As I mentioned in my last post, I’m a recent initiate to the world of Sherlock Holmes, and, frankly, I don’t think I can legitimately call myself a “ Sherlock Holmes fan” yet. An admirer, yes. A crazy-enthusiastic fan of the TV show Sherlock, most definitely yes. But I’m still working on becoming a true Sherlockian.
I have to give credit for the majority of my recent interest in reading The Adventures of Sherlock Holmes to Benedict Cumberbatch’s beautiful coat (and face *cough*). And though I have enjoyed the mysteries so far, what I find most fascinating is not so much the stories themselves, but the fandom and mythos surrounding The Great Detective. Sir Arthur Conan Doyle had a massive fan following in the late 19th century and it hasn’t died down since. I realize there have been other contemporary fanbases that lasted until modern day (Mr. Shakespeare, perhaps?) but the Sherlock Holmes fandom appears fairly unique in its longevity and rabidness.
The Sherlockian is a piece of that fandom, a member of the genre (category? breed?) called “Doyle Pastiche.” It is one of those books that has two storylines running in alternating chapters. We follow Arthur Conan Doyle himself, as he wrestles with his overly enthusiastic fans and his deep-seated jealousy for his own creation, and Harold, our modern day protagonist and youngest initiate to The Baker Street Irregulars, the real-life invitation-only Sherlock Holmes society. The story blends historical fact and fiction, and discovering which is which in the Author’s Note is fascinating.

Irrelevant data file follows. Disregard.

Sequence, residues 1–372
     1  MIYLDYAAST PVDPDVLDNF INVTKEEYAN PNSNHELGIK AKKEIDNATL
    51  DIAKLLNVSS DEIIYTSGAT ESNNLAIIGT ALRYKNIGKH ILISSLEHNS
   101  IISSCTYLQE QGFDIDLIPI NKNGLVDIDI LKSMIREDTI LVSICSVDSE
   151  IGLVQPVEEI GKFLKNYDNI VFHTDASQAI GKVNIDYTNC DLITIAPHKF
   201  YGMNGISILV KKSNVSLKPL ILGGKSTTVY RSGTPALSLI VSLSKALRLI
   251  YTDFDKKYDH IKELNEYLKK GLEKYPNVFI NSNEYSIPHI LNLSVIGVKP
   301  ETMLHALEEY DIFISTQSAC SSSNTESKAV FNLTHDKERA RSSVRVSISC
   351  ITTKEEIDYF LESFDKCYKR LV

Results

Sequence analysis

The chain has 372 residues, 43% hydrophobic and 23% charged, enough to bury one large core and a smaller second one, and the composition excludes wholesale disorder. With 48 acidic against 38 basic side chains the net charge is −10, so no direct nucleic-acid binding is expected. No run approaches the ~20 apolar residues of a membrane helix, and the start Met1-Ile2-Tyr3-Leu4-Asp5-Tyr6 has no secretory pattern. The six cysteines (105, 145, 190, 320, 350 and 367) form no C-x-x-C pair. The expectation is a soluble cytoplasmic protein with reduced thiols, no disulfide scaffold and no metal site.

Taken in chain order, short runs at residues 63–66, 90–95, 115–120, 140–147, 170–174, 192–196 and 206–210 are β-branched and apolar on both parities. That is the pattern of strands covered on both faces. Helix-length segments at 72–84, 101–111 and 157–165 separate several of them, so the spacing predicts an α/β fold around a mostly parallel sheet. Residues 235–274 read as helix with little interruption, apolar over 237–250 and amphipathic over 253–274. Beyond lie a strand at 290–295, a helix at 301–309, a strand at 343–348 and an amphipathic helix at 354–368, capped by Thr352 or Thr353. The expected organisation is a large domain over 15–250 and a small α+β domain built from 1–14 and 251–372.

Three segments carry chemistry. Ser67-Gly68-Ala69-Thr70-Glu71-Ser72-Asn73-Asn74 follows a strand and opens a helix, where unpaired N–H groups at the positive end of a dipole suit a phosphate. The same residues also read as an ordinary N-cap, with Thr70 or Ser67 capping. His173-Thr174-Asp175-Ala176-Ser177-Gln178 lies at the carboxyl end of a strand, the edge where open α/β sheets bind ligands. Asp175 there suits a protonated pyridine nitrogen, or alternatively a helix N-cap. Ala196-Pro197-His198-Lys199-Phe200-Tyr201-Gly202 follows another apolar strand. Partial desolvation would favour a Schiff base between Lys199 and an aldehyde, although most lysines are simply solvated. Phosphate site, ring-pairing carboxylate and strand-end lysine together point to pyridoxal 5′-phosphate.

Of course there are murder mysteries in both timelines, but the stories also dive into the nature of fandom. Harold uses his encyclopedic knowledge of Holmes canon to follow the clues surrounding the murder of a fellow Irregular. An Irregular who recently recovered the lost diary of Doyle. Where does Harold’s passion for Holmes stem from? What drives him to follow the clues? What happens to his faith in Holmes when he reaches the end of the mystery?
Doyle’s story is just as fascinating as it delves into the author-reader relationship. It makes me want to read a biography of the man—an author incredibly jealous of his own fame-generating creation, who hated being asked to sign books as “Sherlock Holmes” instead of “ Dr. Arthur Conan Doyle,” who always bemoaned the lack of recognition for his other work, and who became so fed up with the whole Holmes hullabaloo that he flung his famous protagonist off a cliff. This riled fans to such an extent they wore black armbands in mourning, sent Doyle piles of angry letters, and accosted him in the street. In The Sherlockian, Doyle, and his buddy Bram Stoker (who knew? I LOVE the random historical tidbits in this book), start doing some sleuthing of their own because a crazy fan sends a letter bomb to Doyle with a note stating simply “Elementary.” Forget George Lucas, Doyle had fans at a whole other level of angry.
I find fandoms completely fascinating, probably because I’m a part of so many. What is the strange concoction of variables that somehow produces a work of fiction that becomes the center of fan devotion and obsession? Where does this dedicated, passionate mob of people come from? How and why do they spawn organizations like The Baker Street Irregulars? What is an author’s relationship to his fans and how does he react to such extreme enthusiasm?
Shoot, I wish I had been a Media Studies major. I could have written the thesis: The Game is Afoot: The fandom of Sherlock Holmes, 1880 to present day. Damn, that would have been good…or at least highly amusing for me.
How bad is it that I’m almost enjoying the Doyle Pastiche genre more than the Doyle stories themselves? My inner book geek is feeling a wee bit guilty.